Can this sort of transparency help? The nascent literature tells a complex story: wage disclosure can raise wages for underpaid employees, and in cases where there is public backlash against high salaries—such as with city executives—it can cause pay compression.

In a study of a 2010 California mandate that public manager salaries be made public, Alexandre Mas shows that such disclosure lowered public salaries, especially those above $200,000, and steeply raised resignations — findings he attributes to populist backlash against high public salaries. Mas also studied a Depression-era mandate regarding disclosure of executive salaries, finding that executive salaries generally ratcheted up as a result of such disclosure: lower-paid CEOs within an industry saw their wages increase once they could see how well other CEOs were paid. Pay disclosure can also impact more than just wage levels: an experimental study by David Card and co-authors found that workers with relatively low pay reported diminished satisfaction and higher rates of job seeking after learning about their pay relative to others.

My view, based on both theory and the evidence we have to date, is that more transparency would help the average worker, and that policymakers can do more to encourage such transparency. In a recent Hamilton Project paper, I offer a few additional strategies for doing so. One, states across the U.S. should protect workers who discuss pay at work; no worker should face retaliation for reasonably talking about pay.

Two, the Trump Administration should back the Equal Employment Opportunity Commission’s effort to collect and publish data on pay by demographic group. Large employers already report this data for employment; extending it to pay would yield important new insights without substantially burdening companies.

Three, regulators should change the antitrust laws regarding the use of compensation surveys to encourage and incentivize managers to share this information with employees. Use of compensation surveys is justified on competitive grounds; keeping the information from workers is not.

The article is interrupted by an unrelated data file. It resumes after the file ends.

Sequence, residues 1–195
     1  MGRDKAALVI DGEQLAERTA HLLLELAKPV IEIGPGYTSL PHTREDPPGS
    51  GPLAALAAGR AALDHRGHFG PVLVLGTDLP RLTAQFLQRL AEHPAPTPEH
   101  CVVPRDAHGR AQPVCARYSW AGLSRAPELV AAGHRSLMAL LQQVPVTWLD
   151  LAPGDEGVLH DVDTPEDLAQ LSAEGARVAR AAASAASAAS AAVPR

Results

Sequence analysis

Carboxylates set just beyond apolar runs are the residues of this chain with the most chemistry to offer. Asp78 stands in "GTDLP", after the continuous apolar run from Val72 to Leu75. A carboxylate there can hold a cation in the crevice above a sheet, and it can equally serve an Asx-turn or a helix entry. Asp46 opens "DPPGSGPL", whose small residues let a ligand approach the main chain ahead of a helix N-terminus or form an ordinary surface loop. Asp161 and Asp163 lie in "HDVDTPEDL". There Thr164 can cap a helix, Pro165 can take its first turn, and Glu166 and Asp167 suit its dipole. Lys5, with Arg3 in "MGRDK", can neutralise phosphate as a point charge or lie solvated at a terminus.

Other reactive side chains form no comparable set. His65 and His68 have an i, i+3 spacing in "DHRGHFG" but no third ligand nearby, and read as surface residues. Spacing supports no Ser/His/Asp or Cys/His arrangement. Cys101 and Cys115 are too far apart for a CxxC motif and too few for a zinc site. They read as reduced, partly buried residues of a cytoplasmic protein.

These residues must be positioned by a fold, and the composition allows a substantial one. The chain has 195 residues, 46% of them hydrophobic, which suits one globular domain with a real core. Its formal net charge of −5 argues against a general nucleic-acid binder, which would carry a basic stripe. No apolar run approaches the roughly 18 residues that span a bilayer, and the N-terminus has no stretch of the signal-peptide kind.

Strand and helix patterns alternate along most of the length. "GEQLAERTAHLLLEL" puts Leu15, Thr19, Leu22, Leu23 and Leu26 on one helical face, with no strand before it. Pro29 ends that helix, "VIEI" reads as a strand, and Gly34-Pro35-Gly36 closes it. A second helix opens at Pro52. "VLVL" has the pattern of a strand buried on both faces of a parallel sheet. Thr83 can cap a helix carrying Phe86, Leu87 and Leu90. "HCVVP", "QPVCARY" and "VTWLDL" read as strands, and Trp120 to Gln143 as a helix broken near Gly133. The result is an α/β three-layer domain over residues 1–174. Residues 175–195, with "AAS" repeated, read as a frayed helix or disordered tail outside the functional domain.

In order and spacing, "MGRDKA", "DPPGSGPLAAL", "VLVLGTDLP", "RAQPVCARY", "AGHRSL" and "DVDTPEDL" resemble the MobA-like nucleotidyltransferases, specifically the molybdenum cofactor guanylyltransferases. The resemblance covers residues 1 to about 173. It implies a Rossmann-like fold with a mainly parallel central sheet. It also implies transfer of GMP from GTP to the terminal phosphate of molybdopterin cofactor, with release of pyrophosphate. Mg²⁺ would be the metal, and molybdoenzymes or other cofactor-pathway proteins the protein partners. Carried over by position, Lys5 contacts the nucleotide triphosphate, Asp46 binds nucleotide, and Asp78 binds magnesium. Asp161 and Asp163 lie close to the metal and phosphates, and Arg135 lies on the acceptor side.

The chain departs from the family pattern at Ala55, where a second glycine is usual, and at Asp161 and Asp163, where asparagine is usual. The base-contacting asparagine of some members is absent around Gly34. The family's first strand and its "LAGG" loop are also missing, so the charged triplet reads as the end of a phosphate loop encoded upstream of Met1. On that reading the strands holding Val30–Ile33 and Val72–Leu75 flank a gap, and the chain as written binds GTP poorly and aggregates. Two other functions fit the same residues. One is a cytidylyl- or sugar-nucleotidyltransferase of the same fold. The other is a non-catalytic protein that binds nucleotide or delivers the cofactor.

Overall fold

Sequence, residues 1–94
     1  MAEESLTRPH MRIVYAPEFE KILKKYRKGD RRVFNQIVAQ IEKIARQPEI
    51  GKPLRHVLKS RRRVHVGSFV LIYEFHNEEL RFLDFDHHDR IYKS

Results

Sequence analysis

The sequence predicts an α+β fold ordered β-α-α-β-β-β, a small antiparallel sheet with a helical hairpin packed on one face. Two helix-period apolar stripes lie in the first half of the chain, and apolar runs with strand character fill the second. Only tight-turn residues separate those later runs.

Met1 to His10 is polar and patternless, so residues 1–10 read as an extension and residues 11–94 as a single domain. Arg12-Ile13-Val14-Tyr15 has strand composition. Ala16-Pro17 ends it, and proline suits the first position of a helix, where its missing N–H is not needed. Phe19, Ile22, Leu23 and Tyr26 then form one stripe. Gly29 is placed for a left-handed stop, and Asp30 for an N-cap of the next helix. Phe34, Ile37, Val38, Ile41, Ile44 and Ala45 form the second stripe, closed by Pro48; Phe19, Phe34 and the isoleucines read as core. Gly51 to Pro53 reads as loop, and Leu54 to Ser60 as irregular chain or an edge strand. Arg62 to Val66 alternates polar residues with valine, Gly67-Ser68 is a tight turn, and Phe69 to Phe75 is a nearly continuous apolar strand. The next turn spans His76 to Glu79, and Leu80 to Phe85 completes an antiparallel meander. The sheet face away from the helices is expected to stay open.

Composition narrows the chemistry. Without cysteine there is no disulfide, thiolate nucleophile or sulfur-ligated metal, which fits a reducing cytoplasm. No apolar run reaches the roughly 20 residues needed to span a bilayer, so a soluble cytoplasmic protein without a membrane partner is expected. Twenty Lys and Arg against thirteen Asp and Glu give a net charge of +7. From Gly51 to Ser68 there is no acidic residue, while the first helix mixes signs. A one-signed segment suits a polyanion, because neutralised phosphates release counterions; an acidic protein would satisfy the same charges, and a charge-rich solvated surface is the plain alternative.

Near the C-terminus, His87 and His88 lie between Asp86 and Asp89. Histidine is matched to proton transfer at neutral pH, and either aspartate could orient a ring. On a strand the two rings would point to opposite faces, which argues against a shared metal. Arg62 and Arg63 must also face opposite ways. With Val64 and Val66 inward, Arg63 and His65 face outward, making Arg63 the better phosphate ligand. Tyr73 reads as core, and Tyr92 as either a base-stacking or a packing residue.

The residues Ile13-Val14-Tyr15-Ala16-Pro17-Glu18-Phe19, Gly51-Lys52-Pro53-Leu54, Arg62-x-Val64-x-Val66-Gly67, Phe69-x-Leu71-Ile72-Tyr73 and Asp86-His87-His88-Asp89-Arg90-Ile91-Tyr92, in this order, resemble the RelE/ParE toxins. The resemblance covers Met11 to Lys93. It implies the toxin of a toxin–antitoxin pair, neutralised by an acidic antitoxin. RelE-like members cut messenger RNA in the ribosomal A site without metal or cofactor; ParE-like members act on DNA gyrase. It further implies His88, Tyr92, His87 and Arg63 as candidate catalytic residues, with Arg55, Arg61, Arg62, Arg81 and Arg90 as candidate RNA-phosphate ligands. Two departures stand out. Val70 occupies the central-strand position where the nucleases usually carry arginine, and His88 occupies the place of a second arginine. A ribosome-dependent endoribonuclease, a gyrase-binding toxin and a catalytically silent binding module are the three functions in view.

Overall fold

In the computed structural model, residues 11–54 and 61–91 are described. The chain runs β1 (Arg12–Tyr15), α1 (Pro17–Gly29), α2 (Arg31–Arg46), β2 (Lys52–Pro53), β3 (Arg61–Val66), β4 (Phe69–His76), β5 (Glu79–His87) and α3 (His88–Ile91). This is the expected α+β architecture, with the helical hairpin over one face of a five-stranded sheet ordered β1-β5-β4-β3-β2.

Four, the federal government should prohibit firms from asking about prior pay during the hiring process unless they are willing to provide information on their own pay structure. This represents a compromise for hiring firms looking to offer competitive and attractive salaries—the price for this information should be revealing to prospective workers how they would fare relative to their new colleagues.

Five, Congress should appropriate a small amount of funding for the Department of Labor to study the issue of wage transparency. If better information can help boost wages, policymakers would have a new tool in their arsenal to make workers better off.

Together, these five reforms would help put workers and employers on the same playing field when it comes to information about pay. The ultimate goal is for everyone to negotiate wages with the same information.

There are potential drawbacks to this approach. For example, Todd Zenger worried in a 2016 Harvard Business Review article that wage transparency would cause strife within a workplace and could even hurt productivity. Fair enough, but this workplace disruption is exactly the point—underpaid workers should react negatively when they realize how much less they’re making.

Consumers are well-familiar with the power of comparison shopping. Homebuyers demand “comps” from recent sales. Online shoppers often go to more than one website to compare prices. And any driver looking to fill-up on gas might drive by more than one station before hitting the pump. Searching for the best price for labor is the exact same principle, only the stakes are much higher.